Like other private equity sectors, buyers are also gravitating towards familiar assets and managers. The GP’s performance and track record with the asset are significant factors. Has the asset consistently performed well within the sponsor’s portfolio? Does the GP have a history of effectively enhancing value in the company? Does the proposed value creation plan align with the GP’s track record ? Buyers have the ‘ultimate exit’ top of mind and need assurance regarding an asset’s quality and future demand, especially amid a sluggish exit environment plagued by uncertainty.

Strong Transaction Rationale

Successful deals in today’s market are anchored by a compelling transaction thesis, often showcasing a clear sense of urgency that illustrates why the asset necessitates this deal and capital today rather than two years down the line. Ultimately, astute buyers can discern between genuine and manufactured opportunities. Deals aimed to support a struggling fundraise or offload assets a GP is struggling to sell elsewhere to provide liquidity from its flagship fund won’t cross the finish line.

To successfully close a deal, the GP needs a strong transaction rationale. If a firm plans to use the continuation fund for further value creation in the assets, it needs to demonstrate how the asset(s) will benefit from additional time and capital. If the asset needs more time to pull on organic growth levers, can the tailwinds that made it a top performer in the legacy fund be replicated in the continuation fund?

Additionally, continuation funds are commonly used by GPs to support buy-and-build strategies for particular assets when the capital needed to fuel acquisitions outstrips what the flagship fund can accommodate. In these scenarios, a GP must craft a strong thesis of the buy-and-build plan and the corresponding quantum and timing of follow-on investments.

The imperative to lead with a compelling transaction thesis has become increasingly important amid the current macroeconomic backdrop. In the pandemic era, sponsors pursuing continuation vehicles could have easily sold their assets in a favorable valuation climate, creating more inherent trust in the underlying rationale. Today, with pressure to generate distributions at an all-time high, buyers are really digging deep into the motivations underlying the transaction, contextualizing them within the broader fund. If sponsors haven’t exited any fund assets for an extended period, it’s crucial to demonstrate the value of the CV to dispel concerns that it’s solely aimed at securing a fundraise.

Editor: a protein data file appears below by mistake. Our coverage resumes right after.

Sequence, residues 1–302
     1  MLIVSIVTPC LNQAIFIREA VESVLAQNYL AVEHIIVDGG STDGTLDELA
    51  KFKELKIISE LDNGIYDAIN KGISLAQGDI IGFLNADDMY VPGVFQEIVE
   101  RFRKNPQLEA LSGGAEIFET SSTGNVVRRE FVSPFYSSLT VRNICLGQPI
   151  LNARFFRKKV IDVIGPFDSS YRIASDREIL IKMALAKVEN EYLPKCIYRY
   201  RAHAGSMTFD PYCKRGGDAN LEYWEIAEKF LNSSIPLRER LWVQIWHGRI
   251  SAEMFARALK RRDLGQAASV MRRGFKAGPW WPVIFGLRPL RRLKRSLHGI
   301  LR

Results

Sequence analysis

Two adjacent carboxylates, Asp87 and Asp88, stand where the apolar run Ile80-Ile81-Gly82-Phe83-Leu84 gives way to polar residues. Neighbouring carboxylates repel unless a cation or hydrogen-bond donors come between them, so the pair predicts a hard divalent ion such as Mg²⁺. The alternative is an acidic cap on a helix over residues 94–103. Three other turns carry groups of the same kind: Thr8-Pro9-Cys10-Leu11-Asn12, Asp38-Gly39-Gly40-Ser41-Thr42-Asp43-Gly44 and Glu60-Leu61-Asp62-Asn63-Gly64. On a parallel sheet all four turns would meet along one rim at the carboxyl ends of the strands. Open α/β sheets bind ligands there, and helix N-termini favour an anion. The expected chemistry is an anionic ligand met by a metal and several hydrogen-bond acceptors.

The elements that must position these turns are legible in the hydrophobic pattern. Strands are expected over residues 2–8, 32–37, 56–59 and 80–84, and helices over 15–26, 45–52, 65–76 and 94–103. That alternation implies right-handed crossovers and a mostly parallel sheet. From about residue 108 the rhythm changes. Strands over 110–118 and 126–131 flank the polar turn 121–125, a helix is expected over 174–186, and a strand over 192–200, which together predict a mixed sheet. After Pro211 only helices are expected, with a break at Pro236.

Setting prices in GP-led secondaries is inherently more intricate than in straightforward ownership transfers. Sponsors face inherent conflicts of interest, straddling both the buy-side and sell-side. Hence, conducting a fair process that fosters alignment among all parties is imperative. While establishing an objective valuation and offering transparency into the underlying methodology are crucial, LPs and secondary buyers want to see that GPs have skin in the game.

Typically, this entails GPs becoming net buyers of the asset(s), rolling over 100% of crystallized carry, and injecting a substantial amount of their own capital. Buyers tend to have greater confidence when fund managers invest more capital alongside the continuation fund LPs, indicating a heightened level of the sponsor’s own conviction of the deal. Moreover, LPs prefer deals offering a status quo option, enabling them to retain their legacy distribution waterfall without committing to new arrangements — with approximately 40% of continuation fund transactions offering this option in 2023.

Deal Size

Size is another critical factor to consider. In large deals requiring substantial capital, assembling a syndicate with numerous participants can pose challenges and surface potential misalignment among different groups within the buying pool. For example, if the lead investor receives economic incentives, like management fee discounts or different carry terms, compared to the other secondary investors, it can create significant alignment issues. Lead investors are tasked with negotiating for the continuation vehicle. Therefore, if they aren’t participating on equal economic terms with other participants, it can substantially impact deal timing, particularly if non-lead secondary buyers seek to negotiate.

Introducing flexibility and optionality for GPs and LPs while also expanding the high-quality opportunity set available for secondary investors, the GP-led deal market is poised for continued rapid growth. With secondary dry powder poised to be spread more evenly between LP and GP-led deals, the space will continue to be an outlet for all parties to manage a host of use cases. Ultimately, a continued uptick in GP-led deal flow will have implications for GPs, existing LPs, and secondary investors alike. For GPs looking to sell, substantiating the forward-looking value creation plan with data and showcasing past successes are essential for attracting buyers. For LPs and secondaries investors, having the tools to efficiently underwrite and assess these opportunities will become paramount.